Something to note here. Using Coinbase is slow. Their site claims it can take 14 business days to process a withdrawal to a bank account. I have performed withdrawals before and had it happen in a few days. I don’t really consider this a problem if you’re not in a rush to have cash in hand. I mean, the money is in your Coinbase account in literal seconds.

Result: About $30 to send; Available as fast as you can click buttons and transaction time of ethereum chain. Still just minutes.

Scenario 2, Example #1: Western Union – Send to a different country; $1000

I picked the philippines randomly for this exercise. I did not have a country preference.

Guess what? The online calculator produces the same result. $10

Scenario 1, Example #2: XRP – Send to a different country; $1000

Also the same. When you withdraw USD to a bank account in Euros, the banks deal with conversion.

Results: Overall, you can get your payment to somebody just as fast. Using the Coinbase to Shapeshift method results in waiting around for Coinbase to handle your transactions. There has to be a better way? Thirty dollars vs ten dollars is almost no contest.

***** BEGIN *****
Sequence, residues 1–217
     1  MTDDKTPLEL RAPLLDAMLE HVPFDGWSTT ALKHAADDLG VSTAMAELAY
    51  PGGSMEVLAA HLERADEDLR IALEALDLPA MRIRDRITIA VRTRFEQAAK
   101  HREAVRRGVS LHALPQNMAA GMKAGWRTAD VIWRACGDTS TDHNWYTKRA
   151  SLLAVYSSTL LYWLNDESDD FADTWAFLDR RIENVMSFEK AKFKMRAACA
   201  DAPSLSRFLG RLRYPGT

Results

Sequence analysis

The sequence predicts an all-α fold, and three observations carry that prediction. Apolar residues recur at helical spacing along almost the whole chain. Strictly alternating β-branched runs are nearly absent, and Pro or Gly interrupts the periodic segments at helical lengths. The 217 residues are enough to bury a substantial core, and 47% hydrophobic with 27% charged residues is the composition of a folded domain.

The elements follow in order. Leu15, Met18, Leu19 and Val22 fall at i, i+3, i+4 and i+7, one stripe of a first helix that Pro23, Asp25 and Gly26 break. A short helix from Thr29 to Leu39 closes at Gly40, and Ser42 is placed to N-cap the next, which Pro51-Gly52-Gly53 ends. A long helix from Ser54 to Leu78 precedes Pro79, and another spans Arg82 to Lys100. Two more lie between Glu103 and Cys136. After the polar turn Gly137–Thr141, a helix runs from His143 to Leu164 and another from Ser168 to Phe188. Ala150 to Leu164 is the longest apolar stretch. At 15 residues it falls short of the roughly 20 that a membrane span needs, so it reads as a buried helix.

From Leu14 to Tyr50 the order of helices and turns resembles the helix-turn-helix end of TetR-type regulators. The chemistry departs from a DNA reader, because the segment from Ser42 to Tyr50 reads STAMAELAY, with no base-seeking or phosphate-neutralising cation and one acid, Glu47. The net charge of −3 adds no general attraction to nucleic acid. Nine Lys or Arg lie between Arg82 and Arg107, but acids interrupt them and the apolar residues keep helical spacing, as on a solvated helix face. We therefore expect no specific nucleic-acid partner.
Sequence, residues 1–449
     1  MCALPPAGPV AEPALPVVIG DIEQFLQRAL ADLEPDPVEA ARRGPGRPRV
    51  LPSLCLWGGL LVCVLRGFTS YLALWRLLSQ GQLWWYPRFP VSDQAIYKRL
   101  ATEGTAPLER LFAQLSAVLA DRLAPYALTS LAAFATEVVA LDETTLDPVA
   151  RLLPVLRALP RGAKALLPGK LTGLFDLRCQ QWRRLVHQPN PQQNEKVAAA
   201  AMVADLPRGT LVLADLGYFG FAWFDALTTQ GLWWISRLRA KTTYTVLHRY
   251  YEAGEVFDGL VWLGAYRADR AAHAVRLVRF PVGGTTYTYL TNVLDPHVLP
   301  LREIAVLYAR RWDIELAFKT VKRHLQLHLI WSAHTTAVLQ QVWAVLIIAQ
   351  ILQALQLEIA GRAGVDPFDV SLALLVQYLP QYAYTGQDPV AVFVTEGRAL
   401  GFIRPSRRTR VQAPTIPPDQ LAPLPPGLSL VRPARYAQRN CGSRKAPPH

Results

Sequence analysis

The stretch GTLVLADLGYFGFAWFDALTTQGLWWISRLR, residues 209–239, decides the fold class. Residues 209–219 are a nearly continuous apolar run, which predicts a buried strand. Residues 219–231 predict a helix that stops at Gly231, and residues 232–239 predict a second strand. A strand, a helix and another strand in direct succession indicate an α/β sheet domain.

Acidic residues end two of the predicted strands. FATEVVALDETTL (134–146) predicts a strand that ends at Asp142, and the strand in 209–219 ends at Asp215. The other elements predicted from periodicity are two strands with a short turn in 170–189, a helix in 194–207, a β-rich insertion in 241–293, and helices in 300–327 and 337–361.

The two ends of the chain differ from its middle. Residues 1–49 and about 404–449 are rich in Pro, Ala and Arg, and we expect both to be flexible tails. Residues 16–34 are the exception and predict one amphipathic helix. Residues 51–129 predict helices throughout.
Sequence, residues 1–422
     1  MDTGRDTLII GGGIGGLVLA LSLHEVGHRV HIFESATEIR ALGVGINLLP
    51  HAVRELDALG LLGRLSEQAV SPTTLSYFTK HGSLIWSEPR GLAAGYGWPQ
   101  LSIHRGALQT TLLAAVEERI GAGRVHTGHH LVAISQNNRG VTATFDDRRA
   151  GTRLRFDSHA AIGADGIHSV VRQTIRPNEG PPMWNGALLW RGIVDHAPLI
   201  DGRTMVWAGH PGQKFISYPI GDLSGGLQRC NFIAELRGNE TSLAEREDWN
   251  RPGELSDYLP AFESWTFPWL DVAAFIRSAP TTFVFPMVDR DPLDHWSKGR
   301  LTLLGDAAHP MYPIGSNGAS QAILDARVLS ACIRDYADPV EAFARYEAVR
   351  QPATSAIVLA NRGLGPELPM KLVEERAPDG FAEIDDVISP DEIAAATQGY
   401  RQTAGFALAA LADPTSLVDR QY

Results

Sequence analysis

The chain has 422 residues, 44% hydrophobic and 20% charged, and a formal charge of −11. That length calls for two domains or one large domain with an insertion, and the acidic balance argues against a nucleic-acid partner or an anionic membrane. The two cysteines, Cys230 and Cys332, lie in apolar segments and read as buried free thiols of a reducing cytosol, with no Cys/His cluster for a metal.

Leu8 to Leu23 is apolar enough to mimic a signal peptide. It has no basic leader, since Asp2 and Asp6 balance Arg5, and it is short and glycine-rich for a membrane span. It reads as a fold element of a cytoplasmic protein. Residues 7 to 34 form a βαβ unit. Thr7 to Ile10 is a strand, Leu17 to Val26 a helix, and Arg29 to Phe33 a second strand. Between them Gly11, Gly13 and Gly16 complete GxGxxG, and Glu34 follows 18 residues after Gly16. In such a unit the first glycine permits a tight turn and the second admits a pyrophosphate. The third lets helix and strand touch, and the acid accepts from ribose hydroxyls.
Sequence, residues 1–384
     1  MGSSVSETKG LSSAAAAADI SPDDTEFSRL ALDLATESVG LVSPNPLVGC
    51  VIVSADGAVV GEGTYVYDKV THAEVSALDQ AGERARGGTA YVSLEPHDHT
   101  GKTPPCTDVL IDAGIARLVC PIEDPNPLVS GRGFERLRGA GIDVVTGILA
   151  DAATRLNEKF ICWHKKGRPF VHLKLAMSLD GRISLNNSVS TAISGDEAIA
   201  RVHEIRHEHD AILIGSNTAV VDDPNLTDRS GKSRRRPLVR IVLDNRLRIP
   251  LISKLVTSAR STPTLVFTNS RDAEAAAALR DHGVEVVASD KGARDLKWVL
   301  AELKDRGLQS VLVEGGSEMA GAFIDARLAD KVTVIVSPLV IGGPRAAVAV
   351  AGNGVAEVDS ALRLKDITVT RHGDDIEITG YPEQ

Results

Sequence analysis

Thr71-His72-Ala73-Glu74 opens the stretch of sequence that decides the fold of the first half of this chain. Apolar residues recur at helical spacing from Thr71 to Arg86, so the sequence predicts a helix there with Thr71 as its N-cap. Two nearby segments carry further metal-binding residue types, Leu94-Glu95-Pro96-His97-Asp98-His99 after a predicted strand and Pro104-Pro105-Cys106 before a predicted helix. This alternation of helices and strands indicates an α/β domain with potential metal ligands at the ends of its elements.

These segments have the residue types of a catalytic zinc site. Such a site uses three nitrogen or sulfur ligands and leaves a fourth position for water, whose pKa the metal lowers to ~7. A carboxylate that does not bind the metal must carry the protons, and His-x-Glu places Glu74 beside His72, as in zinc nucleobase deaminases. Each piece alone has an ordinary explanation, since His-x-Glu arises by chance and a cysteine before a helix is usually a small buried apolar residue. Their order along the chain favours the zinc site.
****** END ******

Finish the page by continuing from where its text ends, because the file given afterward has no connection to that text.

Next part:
What could that better way be? One obvious way to cut some cost would be to use GDAX. Coinbase is nice but they charge you for that over the top user friendly interface (left). GDAX is a market traders interface (right). Soon GDAX will become Coinbase Pro in case when you’re reading this the name has already changed.

Here’s how much you might save with GDAX over Coinbase. Fees are 0.3% if you’re using it. On Coinbase if you’re buying from a bank account you’ll pay 1.5%. Talk about a markup! That’s both ways too.